The average amount each student owed to the federal government was about $39,900, according to a Wall Street Journal analysis of the data. That represented a 1% increase from the approximately $39,400 each student owed on average from the graduating classes of those same schools in 2015 and 2016.
Some of the largest average debt loads were held by M.B.A. graduates of Northwestern University’s Kellogg School of Management, with an average $116,420, and New York University’s Stern School, with an average $105,931, the data show.
Several public and private business schools that are also highly ranked had average student loan debt in the $85,000 to $100,000 range, including Yale University’s School of Management, University of Chicago’s Booth School of Business and the University of Virginia’s Darden School.
Representatives of the business schools said they couldn’t confirm the government estimates but didn’t dispute the figures. Business schools also noted that the estimates don’t cover the growing private loan market, which many people tap to help pay for the cost of getting a degree.
The Education Department released the preliminary data in May as part of an effort to push colleges and universities to publish more detailed data on the finances of their graduates, by degree and field of study. The department plans to issue more complete data on graduates’ finances this fall.
The goal is to help students calculate the costs and benefits of an M.B.A., which can provide a significant salary boost to degree holders in certain circumstances. Unlike undergraduate programs, grad schools haven’t previously been required to disclose how much students borrow or earn with the degree.
The figures are from a government database of student loans. The data released compared two overlapping two-year periods, but didn’t cover prior periods.
The cost of a traditional two-year M.B.A. has more than doubled since the global financial crisis sent droves of college graduates back to school starting in 2008, to an average of $30,100 a year in 2016, according to the latest figures available from the Education Department.
The new data will help a population of students who shoulder a large share of the $1.5 trillion in outstanding school debt, said Kevin Carey, director of education policy at the New America Foundation think tank.
The figures shed light on graduate programs for which students “take on, in some cases, very large debt burdens,” he said. The gamble is often justified for students who land high-paying jobs after school, said Mr. Carey, but students have had little insight into the range of financial outcomes from earning an M.B.A or another advanced degree.
For students like Dom Marrone, an M.B.A. student at Harvard Business School, the steep price of tuition and fees has changed the math for when a degree is likely to pay off. Taking out six-figure loans to pay for business school is a better bet at schools like Harvard, which has said that students can expect to earn $140,000 or more after graduation and where graduates can benefit from a strong alumni network, he said.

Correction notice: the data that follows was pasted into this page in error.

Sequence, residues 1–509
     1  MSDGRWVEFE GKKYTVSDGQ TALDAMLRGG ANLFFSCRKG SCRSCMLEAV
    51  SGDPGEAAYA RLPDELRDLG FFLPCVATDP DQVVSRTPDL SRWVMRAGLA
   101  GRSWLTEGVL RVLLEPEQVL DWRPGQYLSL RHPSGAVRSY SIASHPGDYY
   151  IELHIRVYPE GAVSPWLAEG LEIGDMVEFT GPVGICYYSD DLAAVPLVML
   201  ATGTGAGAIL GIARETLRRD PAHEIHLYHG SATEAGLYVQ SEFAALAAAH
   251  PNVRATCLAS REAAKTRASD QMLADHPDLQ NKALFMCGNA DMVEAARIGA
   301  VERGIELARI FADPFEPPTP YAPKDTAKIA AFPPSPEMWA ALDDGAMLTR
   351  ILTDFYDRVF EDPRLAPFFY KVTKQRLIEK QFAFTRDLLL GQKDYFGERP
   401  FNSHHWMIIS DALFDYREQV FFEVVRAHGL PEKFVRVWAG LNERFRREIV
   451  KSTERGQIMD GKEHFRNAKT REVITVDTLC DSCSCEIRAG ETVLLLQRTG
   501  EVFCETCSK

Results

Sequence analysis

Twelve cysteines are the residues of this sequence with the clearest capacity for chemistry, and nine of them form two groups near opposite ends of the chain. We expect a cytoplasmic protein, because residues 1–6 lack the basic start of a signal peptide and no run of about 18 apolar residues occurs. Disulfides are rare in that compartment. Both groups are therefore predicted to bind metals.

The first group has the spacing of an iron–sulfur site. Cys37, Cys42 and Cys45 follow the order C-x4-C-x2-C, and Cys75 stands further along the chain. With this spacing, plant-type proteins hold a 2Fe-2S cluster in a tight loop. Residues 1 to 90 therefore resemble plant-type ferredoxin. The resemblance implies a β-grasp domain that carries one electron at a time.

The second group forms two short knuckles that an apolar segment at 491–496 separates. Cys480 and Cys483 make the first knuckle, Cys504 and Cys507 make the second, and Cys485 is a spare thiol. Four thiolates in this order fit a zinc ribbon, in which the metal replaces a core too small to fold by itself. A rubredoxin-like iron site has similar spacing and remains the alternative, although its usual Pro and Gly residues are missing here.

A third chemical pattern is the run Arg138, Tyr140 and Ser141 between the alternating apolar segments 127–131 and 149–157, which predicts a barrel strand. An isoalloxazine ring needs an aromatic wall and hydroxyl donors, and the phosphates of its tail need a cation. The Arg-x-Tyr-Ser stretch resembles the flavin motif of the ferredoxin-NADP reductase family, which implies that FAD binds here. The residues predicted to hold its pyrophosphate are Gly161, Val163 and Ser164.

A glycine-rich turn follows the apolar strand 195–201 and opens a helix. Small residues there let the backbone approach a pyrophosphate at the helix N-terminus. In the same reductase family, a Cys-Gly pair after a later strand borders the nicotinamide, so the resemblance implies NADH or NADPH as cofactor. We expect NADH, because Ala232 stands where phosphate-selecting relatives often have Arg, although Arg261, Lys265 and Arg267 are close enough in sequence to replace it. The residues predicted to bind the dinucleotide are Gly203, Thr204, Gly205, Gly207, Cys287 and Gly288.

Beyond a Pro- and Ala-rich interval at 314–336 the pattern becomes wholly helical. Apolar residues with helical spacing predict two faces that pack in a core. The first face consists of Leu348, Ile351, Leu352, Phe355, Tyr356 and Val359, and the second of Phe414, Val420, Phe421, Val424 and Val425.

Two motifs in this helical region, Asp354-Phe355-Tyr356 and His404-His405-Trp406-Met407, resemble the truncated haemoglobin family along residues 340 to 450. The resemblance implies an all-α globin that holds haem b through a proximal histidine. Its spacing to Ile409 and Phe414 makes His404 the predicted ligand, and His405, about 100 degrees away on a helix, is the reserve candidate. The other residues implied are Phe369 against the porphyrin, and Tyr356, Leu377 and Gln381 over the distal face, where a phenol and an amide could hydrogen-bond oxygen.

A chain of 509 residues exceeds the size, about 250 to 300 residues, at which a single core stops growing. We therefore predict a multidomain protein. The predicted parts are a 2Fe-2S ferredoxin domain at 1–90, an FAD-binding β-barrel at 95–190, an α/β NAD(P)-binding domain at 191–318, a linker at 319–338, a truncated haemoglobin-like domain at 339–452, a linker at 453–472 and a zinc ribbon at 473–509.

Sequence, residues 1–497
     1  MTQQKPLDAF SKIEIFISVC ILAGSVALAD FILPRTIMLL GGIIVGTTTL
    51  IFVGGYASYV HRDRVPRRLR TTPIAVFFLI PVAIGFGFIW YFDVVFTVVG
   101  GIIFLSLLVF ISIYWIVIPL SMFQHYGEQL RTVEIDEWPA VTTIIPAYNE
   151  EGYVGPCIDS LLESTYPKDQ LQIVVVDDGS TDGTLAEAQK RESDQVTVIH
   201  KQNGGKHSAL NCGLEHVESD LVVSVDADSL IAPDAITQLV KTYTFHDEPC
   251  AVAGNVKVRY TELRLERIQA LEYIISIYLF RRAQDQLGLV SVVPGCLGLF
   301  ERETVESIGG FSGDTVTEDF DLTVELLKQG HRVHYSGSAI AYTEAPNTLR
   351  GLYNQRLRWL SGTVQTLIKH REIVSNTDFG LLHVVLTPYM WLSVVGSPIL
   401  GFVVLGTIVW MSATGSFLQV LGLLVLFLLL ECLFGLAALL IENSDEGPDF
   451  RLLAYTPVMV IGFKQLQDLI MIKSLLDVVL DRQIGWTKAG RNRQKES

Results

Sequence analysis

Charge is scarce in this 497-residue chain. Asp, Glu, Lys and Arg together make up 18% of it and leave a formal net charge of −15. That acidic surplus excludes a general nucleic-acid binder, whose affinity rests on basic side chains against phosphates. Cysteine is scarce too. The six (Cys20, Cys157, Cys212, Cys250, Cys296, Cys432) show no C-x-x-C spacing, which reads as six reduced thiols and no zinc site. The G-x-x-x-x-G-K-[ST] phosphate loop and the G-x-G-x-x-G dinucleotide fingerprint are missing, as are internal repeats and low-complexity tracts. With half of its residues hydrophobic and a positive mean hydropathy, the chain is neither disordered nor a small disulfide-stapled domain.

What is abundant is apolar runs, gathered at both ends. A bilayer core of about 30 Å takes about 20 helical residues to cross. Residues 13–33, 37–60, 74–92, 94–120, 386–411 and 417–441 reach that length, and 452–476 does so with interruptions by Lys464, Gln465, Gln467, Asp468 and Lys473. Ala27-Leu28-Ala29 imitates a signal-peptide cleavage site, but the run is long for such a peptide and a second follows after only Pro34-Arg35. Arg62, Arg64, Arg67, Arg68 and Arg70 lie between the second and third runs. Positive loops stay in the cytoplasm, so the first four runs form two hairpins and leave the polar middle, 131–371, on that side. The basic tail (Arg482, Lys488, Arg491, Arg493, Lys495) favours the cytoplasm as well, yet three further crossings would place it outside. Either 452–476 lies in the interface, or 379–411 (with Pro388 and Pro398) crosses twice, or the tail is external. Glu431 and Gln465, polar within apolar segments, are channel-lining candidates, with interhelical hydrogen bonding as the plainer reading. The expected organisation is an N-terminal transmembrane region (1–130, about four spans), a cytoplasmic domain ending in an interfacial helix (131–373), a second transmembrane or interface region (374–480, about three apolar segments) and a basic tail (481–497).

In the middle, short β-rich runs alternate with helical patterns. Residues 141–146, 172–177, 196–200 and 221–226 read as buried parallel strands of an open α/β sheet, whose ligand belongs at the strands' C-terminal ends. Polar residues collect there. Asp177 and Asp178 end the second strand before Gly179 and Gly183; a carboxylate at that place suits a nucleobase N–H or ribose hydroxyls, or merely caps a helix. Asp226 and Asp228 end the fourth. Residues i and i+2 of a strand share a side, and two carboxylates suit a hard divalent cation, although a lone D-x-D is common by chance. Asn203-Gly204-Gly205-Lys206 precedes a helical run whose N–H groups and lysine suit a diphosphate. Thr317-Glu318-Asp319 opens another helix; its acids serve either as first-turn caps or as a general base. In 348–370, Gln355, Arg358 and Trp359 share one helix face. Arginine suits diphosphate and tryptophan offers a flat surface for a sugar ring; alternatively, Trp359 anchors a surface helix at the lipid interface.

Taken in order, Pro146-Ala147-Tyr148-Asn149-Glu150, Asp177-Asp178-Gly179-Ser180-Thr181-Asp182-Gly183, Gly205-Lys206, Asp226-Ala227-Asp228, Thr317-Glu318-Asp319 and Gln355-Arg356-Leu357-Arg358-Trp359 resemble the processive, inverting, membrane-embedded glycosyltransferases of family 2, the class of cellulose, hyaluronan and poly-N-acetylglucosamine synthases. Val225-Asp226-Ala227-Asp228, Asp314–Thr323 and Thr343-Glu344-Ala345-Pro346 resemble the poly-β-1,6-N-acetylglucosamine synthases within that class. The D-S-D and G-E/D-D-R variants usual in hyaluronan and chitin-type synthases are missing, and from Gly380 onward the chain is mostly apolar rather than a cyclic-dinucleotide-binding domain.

“In my personal opinion, unless you get into one of the top five or 10 programs, it’s not worth it,” said Mr. Marrone, who said he took out $100,000 in private loans to pay for the first year of his program, including fees and living expenses.
Harvard estimates the full cost of its M.B.A. at $220,000, including living expenses. The 29-year-old said he is still debating whether to borrow another $100,000 to pay for his second year or seek the funds another way, like from selling stock that he owns.
“A ton of people today have masters degrees, so an M.B.A. is not really a differentiator at work like it might have been in the past,” he said.
Mr. Marrone is one of 400 graduate students who took a novel approach to borrowing last year. Led by two of his Harvard Business School classmates, Nikhil Agarwal and Chris Abkarians, the students pooled their loans together to negotiate for lower interest rates from private lenders.
Federal loans disbursed under the popular Graduate PLUS program carry a fixed interest rate of 7.08%, and many private lenders offer lower rates, depending on the borrower’s credit, Messrs. Agarwal and Abkarians found. That can save students thousands of dollars over the life of a loan.
Messrs. Agarwal and Abkarians convinced New York City-based loan refinancing firm Laurel Road to tailor a new loan product for their group of M.B.A. candidates and other graduate students, garnering an interest rate between 5% and 6% for most of the borrowers.
Laurel Road also waived the standard origination fee lenders tack onto most private loans, saving each student around $8,300 on their combined $25 million debt, Mr. Abkarians said. The co-founders named their group LeverEdge, and said that this year the pool has grown to 2,500 students seeking lower interest rates on $230 million in combined loans.
Some schools are starting to experiment with ways to rein in the cost of an M.B.A. Harvard and the University of Chicago both opted to hold first-year M.B.A. tuition steady this coming academic year at $73,400 and $72,000, respectively, according to school officials. Both schools faced sizable drops last year in the number of applications submitted.
Harvard Business School admissions director Chad Losee said the school awards $35 million in financial aid to half of its incoming M.B.A. class each year, and added, “We realize it’s still expensive.”
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